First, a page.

The United States argues against Israeli strikes, claiming they'd ignite a regional war.

Netanyahu has stayed his hand but had made clear he views Iranian nuclear weapons as an existential threat to the Jewish state.

Meantime, Israel has become a major arms supplier to Azerbaijan. In 2011, Israel signed a $1.6 billion arms deal with the government in Baku, Azerbaijan's capital on the Caspian.

That includes up to 60 UAVs, supposedly for surveillance and reconnaissance.

In return, the autocratic Baku regime of President Ilham Aliyev, considered a key U.S. ally in the region, provides Israel with oil from the Caspian.


Related Links
Learn about nuclear weapons doctrine and defense at
Learn about missile defense at
All about missiles at
Learn about the Superpowers of the 21st Century at

Comment on this article via your Facebook, Yahoo, AOL, Hotmail login.

Share this article via these popular social media networks DiggDigg RedditReddit GoogleGoogle

Memory Foam Mattress Review
Newsletters :: SpaceDaily :: SpaceWar :: TerraDaily :: Energy Daily
XML Feeds :: Space News :: Earth News :: War News :: Solar Energy News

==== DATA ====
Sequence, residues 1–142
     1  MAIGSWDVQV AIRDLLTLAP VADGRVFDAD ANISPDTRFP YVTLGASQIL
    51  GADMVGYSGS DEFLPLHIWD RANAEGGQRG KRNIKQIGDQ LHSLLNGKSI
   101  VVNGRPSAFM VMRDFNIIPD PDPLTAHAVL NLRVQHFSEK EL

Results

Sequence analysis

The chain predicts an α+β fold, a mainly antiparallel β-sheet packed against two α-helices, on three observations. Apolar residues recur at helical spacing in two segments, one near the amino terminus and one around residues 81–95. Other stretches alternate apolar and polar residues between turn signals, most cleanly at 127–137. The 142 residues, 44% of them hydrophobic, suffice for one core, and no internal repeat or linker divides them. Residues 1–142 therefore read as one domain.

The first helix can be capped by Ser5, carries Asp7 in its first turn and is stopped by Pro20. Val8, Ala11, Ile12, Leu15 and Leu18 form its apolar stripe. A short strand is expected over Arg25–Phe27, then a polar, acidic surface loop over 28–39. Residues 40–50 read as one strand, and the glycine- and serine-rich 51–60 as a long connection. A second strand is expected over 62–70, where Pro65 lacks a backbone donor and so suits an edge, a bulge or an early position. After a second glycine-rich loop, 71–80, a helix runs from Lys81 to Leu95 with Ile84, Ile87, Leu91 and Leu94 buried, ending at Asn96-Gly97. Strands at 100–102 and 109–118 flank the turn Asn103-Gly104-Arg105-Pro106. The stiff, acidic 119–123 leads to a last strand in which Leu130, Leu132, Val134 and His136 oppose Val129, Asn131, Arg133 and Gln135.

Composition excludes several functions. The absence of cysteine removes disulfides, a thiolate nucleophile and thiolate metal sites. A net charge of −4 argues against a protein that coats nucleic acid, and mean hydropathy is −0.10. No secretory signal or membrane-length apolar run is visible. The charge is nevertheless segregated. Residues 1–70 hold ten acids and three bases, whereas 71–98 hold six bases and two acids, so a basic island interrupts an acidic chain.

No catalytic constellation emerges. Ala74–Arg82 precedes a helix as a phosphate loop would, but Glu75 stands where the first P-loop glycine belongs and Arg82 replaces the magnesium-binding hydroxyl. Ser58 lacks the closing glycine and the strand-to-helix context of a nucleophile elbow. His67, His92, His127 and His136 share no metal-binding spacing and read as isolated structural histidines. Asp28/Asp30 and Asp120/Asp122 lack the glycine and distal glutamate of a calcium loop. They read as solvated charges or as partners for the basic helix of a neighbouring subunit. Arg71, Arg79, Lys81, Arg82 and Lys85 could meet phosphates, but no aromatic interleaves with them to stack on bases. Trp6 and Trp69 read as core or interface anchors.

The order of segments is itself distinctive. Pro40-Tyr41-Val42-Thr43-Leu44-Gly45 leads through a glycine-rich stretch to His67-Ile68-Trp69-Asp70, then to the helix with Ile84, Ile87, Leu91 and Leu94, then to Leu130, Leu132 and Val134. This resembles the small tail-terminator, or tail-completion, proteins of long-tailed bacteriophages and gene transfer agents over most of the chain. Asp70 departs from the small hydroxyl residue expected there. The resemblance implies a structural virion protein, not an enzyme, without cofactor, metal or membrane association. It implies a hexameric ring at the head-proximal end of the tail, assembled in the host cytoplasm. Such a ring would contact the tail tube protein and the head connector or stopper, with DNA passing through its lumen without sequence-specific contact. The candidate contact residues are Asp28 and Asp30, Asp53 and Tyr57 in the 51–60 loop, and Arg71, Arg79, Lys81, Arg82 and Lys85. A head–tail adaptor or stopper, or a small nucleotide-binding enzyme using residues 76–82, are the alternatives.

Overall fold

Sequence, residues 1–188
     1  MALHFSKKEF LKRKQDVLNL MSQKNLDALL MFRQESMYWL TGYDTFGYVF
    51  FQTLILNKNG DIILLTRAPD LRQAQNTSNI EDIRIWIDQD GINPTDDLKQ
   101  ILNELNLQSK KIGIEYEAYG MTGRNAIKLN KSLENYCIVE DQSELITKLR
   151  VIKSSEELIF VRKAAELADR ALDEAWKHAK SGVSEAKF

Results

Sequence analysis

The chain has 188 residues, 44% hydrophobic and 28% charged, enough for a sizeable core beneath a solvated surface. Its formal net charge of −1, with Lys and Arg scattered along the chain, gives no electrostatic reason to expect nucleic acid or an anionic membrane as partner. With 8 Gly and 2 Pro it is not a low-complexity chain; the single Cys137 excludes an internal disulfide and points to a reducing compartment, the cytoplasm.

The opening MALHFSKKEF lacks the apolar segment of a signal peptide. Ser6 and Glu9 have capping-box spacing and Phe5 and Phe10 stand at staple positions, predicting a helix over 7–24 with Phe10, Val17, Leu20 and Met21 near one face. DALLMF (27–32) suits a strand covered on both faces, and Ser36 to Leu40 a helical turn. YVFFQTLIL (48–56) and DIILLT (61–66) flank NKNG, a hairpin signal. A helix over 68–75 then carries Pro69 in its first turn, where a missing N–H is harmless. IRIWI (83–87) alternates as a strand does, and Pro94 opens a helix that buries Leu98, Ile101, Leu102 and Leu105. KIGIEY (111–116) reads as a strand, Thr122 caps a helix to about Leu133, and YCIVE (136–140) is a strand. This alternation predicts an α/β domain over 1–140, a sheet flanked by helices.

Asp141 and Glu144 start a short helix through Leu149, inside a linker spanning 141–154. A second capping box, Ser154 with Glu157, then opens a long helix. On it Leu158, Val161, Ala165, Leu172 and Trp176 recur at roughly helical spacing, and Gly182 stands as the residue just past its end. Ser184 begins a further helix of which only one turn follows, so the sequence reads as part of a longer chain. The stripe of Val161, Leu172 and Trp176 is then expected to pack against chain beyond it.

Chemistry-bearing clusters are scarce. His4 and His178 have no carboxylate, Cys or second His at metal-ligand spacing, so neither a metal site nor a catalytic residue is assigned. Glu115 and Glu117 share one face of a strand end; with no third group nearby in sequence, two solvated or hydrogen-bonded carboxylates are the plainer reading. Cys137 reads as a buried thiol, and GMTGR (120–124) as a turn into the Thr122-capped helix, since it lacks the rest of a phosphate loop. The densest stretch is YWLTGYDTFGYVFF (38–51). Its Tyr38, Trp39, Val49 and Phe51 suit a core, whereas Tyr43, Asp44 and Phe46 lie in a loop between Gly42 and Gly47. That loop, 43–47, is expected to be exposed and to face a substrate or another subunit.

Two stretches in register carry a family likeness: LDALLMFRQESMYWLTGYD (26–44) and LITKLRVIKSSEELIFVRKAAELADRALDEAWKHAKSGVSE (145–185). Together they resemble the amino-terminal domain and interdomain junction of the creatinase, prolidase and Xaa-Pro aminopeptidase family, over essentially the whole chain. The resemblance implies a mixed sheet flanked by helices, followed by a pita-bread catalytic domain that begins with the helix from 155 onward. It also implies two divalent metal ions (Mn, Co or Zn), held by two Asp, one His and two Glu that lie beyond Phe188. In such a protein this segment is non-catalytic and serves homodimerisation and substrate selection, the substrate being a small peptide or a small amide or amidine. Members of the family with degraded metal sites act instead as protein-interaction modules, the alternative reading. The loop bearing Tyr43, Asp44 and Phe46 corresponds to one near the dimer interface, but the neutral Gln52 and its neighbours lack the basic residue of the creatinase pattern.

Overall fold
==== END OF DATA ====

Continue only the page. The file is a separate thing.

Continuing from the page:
Iran judge condemns American to death for spying
Tehran (AFP) Jan 9, 2012
An Iranian judge sentenced a US-Iranian man to death for spying for the CIA, media reported Monday, exacerbating high tensions in the face of Western sanctions on the Islamic republic's nuclear programme. Amir Mirzai Hekmati, a 28-year-old former Marine born in the United States to an Iranian family, was "sentenced to death for cooperating with a hostile nation, membership of the CIA and try ... read more

WSU researchers use 3-D printer to make parts from moon rock

China's Chang'e-3 to land on moon next year

Moon crater yields impact clues

Study: Moon basin formed by giant impact

NASA Mars Rover Fully Analyzes First Soil Samples

Curiosity Shakes, Bakes, and Tastes Mars with SAM

China prepares to grow vegetables on Mars: state media